Lepidium meyenii Maca, a root that belongs to the radish family, is most commonly available in powder form. Grown in the mountains of Peru, it has been called “Peruvian ginseng.” Maca’s benefits have been long valued, and has recently been popularized as a supplement and food ingredient.
There are no serious known side effects of maca, but like any other supplement it should not be taken in large amounts. When you first start using maca, it’s best to begin by taking smaller amounts and building up; even 1/2 teaspoon is a good place to start. And at the other end, 1 tablespoons (of the powder) is an average daily dose. Rotating a few days on and a few days off is often recommended. Taking too much can lead to adverse effects and throw your hormones out of whack. If you experience this, you should take less or wean yourself off completely.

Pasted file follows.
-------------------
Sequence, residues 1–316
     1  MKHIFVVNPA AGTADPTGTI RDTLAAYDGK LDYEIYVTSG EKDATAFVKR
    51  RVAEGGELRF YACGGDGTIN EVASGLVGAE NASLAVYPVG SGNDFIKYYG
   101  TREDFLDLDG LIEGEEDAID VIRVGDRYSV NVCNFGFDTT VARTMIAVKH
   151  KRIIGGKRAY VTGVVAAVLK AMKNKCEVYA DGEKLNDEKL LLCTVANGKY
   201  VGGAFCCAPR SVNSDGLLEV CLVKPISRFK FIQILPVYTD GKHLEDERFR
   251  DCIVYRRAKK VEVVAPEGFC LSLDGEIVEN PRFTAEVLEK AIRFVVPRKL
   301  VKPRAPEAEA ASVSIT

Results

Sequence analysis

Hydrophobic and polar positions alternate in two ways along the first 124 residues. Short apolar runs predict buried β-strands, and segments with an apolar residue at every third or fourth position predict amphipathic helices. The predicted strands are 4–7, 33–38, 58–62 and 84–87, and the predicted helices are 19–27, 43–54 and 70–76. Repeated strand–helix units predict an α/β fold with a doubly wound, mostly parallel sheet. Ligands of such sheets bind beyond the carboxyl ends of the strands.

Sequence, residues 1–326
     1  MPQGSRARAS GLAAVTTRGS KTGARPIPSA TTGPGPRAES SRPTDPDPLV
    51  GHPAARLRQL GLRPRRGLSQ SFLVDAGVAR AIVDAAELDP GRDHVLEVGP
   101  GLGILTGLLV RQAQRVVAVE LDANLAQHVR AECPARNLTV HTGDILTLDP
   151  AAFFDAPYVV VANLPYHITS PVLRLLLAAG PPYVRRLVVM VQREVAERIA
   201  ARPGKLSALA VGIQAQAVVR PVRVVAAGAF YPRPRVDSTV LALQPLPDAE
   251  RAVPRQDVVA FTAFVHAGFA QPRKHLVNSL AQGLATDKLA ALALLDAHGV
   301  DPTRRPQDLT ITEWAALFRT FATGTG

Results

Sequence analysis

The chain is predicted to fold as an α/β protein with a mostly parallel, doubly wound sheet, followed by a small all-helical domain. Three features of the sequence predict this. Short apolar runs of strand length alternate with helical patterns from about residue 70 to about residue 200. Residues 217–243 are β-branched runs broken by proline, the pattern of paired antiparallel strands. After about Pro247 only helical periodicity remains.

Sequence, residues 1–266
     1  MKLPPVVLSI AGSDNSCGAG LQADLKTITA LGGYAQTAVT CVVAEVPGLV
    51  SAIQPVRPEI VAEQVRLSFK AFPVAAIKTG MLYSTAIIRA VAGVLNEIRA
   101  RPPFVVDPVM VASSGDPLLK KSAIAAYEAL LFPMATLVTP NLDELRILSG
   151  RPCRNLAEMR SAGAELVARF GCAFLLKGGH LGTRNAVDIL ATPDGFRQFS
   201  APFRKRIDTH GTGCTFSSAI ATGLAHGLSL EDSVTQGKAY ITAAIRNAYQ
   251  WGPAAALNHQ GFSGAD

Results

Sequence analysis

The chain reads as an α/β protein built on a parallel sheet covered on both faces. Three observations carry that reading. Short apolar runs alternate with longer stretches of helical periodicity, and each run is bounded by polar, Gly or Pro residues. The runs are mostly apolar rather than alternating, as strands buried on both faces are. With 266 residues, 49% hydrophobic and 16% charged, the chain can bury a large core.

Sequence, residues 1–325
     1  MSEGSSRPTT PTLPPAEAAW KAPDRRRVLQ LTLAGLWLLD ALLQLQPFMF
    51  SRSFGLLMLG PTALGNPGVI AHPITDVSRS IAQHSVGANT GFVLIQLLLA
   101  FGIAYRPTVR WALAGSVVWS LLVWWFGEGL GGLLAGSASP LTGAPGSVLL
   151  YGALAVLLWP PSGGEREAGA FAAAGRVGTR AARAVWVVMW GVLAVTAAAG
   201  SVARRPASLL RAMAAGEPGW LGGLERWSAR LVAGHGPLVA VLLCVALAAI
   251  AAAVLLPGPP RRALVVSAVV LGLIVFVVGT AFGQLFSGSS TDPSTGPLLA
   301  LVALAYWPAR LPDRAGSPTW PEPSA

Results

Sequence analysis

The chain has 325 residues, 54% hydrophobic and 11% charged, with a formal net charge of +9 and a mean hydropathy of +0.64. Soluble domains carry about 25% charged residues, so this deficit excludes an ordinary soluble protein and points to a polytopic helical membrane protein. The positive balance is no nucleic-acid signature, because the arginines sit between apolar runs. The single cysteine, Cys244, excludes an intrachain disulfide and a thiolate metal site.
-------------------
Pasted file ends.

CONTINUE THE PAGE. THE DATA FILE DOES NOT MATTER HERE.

Maca is good in smoothies, salads, drinks, cooked foods, and juices. Don’t add it to anything that’s very hot because it will lose all its benefits. The taste can be a bit odd at first but it gets more tolerable and it depends on what you mix it with. Its flavor has been described as “malted” or like toasted oats. Smoothies, puddings, raw sweets, and juices seem to be the best ways to use maca powder. Capsules are best to get past the taste.